There are various ways that childhood trauma can affect the brain. Some children may have issues with learning and memory as well as poor social skills. They may also have trouble controlling their impulses and regulating their behavior. Both can lead to more severe behavior problems later.
Adults living with childhood trauma may have issues with prioritizing and planning as well as an inclination towards procrastination.
Such symptoms aren’t necessarily concrete proof of childhood trauma. An accurate diagnosis can only be made by a professional trauma specialist who carefully examines the person and their history.
Effects of Childhood Trauma In Adults
Trauma causes people to develop certain coping strategies to deal with it. These mechanisms can help them escape from stress, but they can also result in some harmful side-effects. Take a look at the following four coping strategies that people with early trauma often use:
People with trauma may feel like the world is dangerous to them and thus retreat into themselves. They are often withdrawn around others, and they don’t trust easily. Emotional detachment helps them block feelings of fear and anger. They also use it to cope with future disappointments.
Early trauma and abuse may cause some people to believe they deserved the way they were treated. They may often think and speak negatively about themselves and the world around them.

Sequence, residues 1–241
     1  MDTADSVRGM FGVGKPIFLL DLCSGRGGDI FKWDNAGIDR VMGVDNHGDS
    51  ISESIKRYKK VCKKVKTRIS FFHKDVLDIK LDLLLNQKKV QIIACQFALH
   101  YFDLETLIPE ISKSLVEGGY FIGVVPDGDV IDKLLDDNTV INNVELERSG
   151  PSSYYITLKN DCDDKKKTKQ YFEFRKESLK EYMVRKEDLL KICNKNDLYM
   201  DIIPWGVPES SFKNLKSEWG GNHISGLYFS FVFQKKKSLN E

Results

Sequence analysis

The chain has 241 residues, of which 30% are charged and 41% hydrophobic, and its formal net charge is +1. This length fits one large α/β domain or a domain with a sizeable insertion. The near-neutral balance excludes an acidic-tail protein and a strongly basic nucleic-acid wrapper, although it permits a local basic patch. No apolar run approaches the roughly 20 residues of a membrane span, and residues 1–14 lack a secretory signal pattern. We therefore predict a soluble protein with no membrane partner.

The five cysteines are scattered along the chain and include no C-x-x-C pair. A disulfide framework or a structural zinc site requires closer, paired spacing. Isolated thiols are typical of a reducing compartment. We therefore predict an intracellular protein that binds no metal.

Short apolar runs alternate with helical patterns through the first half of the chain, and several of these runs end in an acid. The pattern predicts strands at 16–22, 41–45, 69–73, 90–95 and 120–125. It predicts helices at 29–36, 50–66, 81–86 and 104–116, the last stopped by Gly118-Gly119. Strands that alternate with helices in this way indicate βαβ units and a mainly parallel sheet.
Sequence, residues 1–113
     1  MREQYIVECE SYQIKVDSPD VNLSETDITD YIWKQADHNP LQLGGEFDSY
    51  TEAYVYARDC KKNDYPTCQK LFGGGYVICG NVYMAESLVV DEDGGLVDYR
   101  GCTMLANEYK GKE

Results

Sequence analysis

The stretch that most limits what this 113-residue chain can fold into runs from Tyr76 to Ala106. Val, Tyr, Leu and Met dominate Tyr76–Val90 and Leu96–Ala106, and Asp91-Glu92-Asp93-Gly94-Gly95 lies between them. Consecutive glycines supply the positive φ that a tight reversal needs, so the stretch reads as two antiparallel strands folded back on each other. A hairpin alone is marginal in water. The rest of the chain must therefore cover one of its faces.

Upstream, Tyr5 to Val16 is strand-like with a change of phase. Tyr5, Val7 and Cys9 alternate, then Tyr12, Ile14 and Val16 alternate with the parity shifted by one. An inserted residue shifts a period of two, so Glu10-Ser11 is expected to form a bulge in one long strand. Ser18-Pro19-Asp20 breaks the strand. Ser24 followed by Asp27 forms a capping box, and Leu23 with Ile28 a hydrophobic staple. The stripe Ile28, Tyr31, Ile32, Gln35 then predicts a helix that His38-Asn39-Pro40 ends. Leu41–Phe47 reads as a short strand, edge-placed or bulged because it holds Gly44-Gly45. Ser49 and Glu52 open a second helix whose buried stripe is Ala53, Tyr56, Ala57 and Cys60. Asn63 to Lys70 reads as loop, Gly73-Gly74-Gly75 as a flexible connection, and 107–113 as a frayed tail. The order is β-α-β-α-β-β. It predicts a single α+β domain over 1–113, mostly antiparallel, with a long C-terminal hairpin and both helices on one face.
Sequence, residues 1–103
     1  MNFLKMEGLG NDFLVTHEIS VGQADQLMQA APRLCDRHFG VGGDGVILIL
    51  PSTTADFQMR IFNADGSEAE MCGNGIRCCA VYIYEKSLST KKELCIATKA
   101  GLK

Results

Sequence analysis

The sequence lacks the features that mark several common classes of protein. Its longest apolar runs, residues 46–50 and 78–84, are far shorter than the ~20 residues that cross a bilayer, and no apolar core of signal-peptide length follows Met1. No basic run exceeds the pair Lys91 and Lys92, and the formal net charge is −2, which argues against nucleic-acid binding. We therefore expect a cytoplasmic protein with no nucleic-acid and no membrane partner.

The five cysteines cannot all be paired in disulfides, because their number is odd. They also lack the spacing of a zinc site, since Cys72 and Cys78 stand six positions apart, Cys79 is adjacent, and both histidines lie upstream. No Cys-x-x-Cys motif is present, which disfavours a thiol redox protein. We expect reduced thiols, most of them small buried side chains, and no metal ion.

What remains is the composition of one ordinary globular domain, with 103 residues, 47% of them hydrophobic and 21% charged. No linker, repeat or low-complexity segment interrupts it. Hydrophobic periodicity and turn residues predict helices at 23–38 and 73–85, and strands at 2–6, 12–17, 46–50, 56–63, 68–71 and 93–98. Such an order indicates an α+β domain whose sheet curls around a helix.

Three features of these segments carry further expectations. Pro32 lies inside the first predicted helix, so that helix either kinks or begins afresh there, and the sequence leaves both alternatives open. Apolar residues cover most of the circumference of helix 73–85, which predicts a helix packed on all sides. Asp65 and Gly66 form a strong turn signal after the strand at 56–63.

This happens when a person has a lot of anger inside them, but they seek to suppress it. Instead, the anger comes out in passive forms rather than confrontational forms.
Having a false self
When people don’t get the support and care they need as a child, they might modify their behavior to fit what they think their parents or peers want. However, changing your behavior to fit someone else’s ideal means losing some of yourself in the process. Embodying a false self can be stressful in daily life as well.
The coping strategies in this list usually only yield temporary relief from triggers and stressful feelings. But they ultimately do not heal the underlying problem. In fact, they work as a way to hide the existence of the problem. These mental strategies can also complicate a person’s ability to interact with others and function normally in daily life.
Sometimes long-term efforts to cope with trauma in unhealthy ways can also lead people to self-medicate with alcohol or drugs. Trauma in childhood is a common element in people who struggle with addiction and substance abuse.
Treating Experiences of Trauma in Childhood
Treating trauma through psychotherapy methods like cognitive behavioral therapy and eye movement desensitization and reprocessing can be effective in changing a person’s perspective and reducing the effects of negative thoughts. Through continuous repetition, the person becomes less affected by triggers that remind them of their previous trauma. A trauma specialist can diagnose a person through an extensive interview to identify the core issues that caused the trauma. They then assess current symptoms and proceed with an appropriate level of treatment.
Common types of psychotherapy to treat trauma include the following:
If you or a loved one is struggling from trauma experienced during childhood, then Dr. Howard Samuels’ therapy in Los Angeles can help. Dr. Samuels provides a wide range of treatments and therapies for those seeking healing from mental health problems or substance abuse. Reach out today to find out more.